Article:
Java Language Finalization


Example

A Java object may declare a finalize method. This method is called just before Java releases the memory for the object. It will typically look like this:

public class MyClass {
  
    //Methods for the class

    @Override
    protected void finalize() throws Throwable {
        // Cleanup code
    }
}

However, there some important caveats on the behavior of Java finalization.

  • Java makes no guarantees about when a finalize() method will called.
  • Java does not even guarantee that a finalize() method will be called some time during the running application's lifetime.
  • The only thing that is guaranteed is that the method will be called before the object is deleted ... if the object is deleted.

The caveats above mean that it is a bad idea to rely on the finalize method to perform cleanup (or other) actions that must be performed in a timely fashion. Over reliance on finalization can lead to storage leaks, memory leaks and other problems.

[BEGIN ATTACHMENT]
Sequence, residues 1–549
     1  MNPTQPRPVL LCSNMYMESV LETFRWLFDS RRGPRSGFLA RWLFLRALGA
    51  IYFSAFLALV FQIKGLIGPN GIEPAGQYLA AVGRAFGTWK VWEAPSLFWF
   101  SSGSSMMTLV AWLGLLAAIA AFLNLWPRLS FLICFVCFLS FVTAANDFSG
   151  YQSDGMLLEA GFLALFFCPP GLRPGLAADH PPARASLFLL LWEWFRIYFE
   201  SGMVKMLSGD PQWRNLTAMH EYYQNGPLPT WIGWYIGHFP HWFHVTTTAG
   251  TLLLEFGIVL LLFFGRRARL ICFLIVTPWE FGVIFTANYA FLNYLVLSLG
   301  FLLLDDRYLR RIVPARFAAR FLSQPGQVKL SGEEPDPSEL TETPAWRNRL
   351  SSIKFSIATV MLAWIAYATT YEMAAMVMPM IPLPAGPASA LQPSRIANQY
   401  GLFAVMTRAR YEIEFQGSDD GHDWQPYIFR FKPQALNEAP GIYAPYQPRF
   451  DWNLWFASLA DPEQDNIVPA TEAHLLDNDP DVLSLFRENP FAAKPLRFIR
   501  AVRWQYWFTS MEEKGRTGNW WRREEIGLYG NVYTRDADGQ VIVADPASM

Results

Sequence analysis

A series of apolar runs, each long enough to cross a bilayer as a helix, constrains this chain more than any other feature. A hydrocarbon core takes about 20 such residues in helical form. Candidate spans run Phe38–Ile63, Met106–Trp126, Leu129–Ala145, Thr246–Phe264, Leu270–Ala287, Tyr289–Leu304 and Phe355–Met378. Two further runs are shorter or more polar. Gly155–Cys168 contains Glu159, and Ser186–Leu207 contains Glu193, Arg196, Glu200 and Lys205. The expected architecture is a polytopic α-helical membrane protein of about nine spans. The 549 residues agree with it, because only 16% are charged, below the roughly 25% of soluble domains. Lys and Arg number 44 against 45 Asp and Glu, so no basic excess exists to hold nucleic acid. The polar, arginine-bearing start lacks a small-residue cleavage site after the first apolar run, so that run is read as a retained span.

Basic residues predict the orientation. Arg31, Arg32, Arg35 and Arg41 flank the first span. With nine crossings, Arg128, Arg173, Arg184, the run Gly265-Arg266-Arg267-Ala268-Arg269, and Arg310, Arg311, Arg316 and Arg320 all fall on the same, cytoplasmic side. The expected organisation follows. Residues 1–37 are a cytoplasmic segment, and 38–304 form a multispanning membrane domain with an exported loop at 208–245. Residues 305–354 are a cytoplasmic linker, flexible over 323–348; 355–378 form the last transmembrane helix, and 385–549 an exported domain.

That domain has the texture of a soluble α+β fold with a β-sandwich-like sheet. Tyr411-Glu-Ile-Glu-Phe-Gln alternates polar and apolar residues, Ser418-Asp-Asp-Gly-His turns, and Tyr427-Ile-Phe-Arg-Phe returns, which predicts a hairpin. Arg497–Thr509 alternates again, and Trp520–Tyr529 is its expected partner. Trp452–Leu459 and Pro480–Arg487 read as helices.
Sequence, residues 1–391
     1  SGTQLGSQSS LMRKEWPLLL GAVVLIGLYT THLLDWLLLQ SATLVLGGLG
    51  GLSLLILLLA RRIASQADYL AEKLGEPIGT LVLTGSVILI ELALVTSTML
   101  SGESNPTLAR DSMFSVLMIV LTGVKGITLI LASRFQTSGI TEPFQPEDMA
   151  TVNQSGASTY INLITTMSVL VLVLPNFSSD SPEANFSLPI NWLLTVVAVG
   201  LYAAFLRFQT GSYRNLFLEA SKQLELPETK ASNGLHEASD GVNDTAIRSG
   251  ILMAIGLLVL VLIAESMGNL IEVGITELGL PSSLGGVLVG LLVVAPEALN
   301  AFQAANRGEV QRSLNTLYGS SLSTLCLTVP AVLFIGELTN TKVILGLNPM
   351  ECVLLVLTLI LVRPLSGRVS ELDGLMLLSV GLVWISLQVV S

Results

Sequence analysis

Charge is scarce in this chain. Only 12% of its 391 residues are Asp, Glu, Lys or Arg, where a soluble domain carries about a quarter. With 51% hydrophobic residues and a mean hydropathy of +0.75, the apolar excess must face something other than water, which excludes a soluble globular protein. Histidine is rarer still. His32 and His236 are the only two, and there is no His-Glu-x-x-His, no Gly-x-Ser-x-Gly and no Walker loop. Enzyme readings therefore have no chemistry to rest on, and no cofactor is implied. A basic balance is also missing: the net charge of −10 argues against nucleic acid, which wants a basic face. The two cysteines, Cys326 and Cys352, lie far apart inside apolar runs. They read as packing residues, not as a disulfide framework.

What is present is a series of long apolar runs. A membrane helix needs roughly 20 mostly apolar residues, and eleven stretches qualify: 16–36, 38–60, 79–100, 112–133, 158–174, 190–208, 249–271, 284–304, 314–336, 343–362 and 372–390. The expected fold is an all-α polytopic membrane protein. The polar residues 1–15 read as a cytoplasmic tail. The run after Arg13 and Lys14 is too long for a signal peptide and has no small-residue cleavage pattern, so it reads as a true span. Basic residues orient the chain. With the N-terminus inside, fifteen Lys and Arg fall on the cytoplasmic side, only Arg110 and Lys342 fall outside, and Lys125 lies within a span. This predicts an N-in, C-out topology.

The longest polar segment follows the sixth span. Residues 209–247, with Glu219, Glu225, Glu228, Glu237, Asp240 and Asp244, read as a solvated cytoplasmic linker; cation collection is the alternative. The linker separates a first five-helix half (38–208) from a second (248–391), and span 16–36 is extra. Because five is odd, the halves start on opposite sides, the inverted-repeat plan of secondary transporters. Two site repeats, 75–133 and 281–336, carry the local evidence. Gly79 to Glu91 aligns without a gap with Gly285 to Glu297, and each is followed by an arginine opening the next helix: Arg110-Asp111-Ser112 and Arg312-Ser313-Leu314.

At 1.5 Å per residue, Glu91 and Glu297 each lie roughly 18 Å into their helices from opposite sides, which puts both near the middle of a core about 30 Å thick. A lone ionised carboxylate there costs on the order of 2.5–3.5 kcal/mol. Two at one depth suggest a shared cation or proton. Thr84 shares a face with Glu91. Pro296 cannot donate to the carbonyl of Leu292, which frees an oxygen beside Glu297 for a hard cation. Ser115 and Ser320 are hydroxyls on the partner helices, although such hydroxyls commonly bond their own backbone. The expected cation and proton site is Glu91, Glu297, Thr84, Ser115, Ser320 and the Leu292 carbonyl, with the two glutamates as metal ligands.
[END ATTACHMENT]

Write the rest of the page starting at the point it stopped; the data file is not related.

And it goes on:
In short, there are very few situation where finalization is actually a good solution.

Finalizers only run once

Normally, an object is deleted after it has been finalized. However, this doesn't happen all of the time. Consider the following example1:

public class CaptainJack {
    public static CaptainJack notDeadYet = null;

    protected void finalize() {
        // Resurrection!
        notDeadYet = this;
    }
}

When an instance of CaptainJack becomes unreachable and the garbage collector attempts to reclaim it, the finalize() method will assign a reference to the instance to the notDeadYet variable. That will make the instance reachable once more, and the garbage collector won't delete it.

Question: Is Captain Jack immortal?

Answer: No.

The catch is the JVM will only run a finalizer on an object once in its lifetime. If you assign null to notDeadYet causing a resurected instance to be unreachable once more, the garbage collector won't call finalize() on the object.

1 - See https://en.wikipedia.org/wiki/Jack_Harkness.